By: Dr. Melissa Mauro-Small
The next time you or a loved one has to spend time in a hospital, you may encounter a new kind of physician: a hospitalist. Hospitalists are physicians or mid-levels (nurse practitioners and physicians assistants) who specialize in the medical care of hospitalized patients.
While the term “hospitalist” was coined just a few years ago, the concept itself is not entirely new. Physicians specializing in critical care medicine, for example, have often limited their practice to hospitalized patients. But, while critical care physicians typically spend most of their time in intensive care units and trauma centers; hospitalists care for patients in all areas of the hospital, and serve both an adult and pediatric population.
Hospitalists typically have limited or no outpatient office responsibilities and so can devote their full time and attention to patients who are in the hospital. Once patients are admitted, the hospitalist takes on responsibility for their care for the entirety of a patients’ stay. After discharge, care reverts back to a patient’s primary care provider or pediatrician.
The hospitalist role is based on the concept that the more experience a physician has with in-hospital care, the better the quality of care. Some research has proven this to be true. Hospitalists can offer increased experience with inpatient conditions and procedures, and, hospitalists don’t have to juggle a busy office schedule with hospital rounds. The hospital is, in effect, their office. This often results in shorter hospital stays, because hospitalists are on hand full-time to order tests and approve discharges.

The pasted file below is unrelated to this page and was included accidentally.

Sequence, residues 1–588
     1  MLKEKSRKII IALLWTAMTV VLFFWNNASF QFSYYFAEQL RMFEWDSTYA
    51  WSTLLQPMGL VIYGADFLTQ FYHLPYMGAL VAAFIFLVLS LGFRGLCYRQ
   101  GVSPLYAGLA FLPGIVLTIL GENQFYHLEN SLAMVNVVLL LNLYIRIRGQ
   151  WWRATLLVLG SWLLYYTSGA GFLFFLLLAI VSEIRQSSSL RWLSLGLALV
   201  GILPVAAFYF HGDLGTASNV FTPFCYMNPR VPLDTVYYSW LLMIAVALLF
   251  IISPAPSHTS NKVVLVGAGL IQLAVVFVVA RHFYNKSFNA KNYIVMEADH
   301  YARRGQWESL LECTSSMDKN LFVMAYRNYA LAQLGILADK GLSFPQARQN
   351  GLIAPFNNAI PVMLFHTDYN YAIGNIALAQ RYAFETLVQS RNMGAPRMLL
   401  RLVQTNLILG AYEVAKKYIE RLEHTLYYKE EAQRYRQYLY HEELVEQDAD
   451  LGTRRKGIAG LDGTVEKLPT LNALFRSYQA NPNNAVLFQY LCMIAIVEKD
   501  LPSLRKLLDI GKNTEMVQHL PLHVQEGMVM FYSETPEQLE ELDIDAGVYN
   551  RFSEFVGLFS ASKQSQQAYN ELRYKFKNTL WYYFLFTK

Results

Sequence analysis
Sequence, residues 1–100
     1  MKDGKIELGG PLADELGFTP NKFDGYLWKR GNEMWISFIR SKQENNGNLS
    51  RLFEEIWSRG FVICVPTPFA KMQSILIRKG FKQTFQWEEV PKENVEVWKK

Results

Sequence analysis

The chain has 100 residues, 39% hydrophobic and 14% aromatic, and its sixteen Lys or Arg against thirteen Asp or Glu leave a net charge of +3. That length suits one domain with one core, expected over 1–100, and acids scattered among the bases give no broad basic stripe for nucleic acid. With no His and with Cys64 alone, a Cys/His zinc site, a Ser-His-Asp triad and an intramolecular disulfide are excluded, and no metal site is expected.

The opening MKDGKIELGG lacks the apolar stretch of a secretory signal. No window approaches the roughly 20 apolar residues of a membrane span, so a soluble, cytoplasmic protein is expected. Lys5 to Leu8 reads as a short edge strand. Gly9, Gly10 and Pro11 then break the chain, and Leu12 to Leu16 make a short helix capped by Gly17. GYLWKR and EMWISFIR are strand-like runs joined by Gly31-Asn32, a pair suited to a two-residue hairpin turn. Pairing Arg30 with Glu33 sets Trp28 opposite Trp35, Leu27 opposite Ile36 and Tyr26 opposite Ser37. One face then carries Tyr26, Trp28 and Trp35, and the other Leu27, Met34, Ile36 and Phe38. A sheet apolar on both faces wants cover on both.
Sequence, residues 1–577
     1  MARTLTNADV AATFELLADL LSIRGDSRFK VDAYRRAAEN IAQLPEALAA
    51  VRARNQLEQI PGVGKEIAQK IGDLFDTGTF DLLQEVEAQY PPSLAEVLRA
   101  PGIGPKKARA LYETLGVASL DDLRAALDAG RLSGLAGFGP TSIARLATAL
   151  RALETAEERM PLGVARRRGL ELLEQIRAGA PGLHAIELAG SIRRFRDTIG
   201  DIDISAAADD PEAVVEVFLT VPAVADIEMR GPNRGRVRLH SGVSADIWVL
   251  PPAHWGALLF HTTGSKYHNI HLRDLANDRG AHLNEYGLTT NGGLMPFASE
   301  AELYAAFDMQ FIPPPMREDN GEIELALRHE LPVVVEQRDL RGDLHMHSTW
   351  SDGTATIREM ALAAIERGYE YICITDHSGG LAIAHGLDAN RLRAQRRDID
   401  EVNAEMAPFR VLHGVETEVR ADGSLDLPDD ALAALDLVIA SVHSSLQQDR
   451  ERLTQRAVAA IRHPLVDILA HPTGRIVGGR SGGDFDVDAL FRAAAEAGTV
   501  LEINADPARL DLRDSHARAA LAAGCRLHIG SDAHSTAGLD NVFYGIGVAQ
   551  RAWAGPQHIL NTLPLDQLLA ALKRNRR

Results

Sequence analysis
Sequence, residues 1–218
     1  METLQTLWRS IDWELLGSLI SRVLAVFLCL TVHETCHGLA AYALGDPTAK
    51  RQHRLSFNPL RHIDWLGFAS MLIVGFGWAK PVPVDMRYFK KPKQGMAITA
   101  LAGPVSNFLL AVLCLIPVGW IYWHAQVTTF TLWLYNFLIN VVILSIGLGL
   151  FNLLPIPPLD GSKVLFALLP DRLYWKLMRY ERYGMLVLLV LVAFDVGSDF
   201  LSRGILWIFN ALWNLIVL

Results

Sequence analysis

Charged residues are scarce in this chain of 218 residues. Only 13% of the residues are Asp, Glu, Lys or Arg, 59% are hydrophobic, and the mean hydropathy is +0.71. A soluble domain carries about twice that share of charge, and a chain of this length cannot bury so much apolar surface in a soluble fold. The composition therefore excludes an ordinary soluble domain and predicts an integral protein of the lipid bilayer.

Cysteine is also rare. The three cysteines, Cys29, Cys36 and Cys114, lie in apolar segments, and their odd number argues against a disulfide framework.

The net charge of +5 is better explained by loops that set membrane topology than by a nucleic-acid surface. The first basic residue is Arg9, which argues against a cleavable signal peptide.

The partnership between Floating Hospital for Children at Tufts Medical Center and Signature Healthcare Brockton Hospital is an example of this relationship. Floating Hospital for Children is a full-service pediatric hospital located on the downtown Boston campus of Tufts Medical Center. Pediatric hospitalists from Floating serve as child advocates and expert guides for Signature Healthcare patients. They are board-certified pediatricians who care for children on the pediatric unit 24 hours per day, 7 days per week for individualized medical care and provide information and support for families.
The pediatric hospitalists are on hand to review test results quickly, consult with additional specialists that may be needed, and answer questions.
In addition to the benefits they provide in the hospital setting, hospitalists also can improve the quality of care and patient satisfaction in physicians’ offices. Office-based physicians who work with hospitalists don’t have to make frequent trips to the hospital, so they can instead concentrate more fully on their office appointments and calls.
Patients who may be a little uncomfortable at the prospect of seeing a different doctor while they are in the hospital can rest assured: Their personal physician will not be kept out of the loop. Hospitalists inform patients’ personal physicians of all major decisions made in the hospital and send them complete discharge summaries. In fact, surveys have shown most patients are happy with the care they receive from hospitalists. At Signature Healthcare, a full summary of a child’s hospital visit is provided to the child’s pediatrician by a Floating Hospital for Children hospitalist after they are discharged from the hospital. They work alongside neonatologists to care for the tiniest of newborns in the Level 2 Special Care Nursery, collaborate with Emergency Room physicians to provide the best care for children who come through the doors, and manage children into late adolescence on the pediatric inpatient unit.
Dr. Melissa Mauro-Small is the Medical Director of the Pediatric Hospitalist Program at Signature Healthcare, a partnership with Floating Hospital for Children at Tufts Medical Center. She graduated from the Boston University School of Medicine and completed postgraduate training at St. Christopher’s Hospital for Children in Philadelphia, PA. She is board certified by the American Board of Pediatrics, and is a Fellow of the American Academy of Pediatrics. Dr. Mauro-Small spent four years in the Air Force and was a primary care physician in Mississippi, and loves spending time with her 3-year old daughter.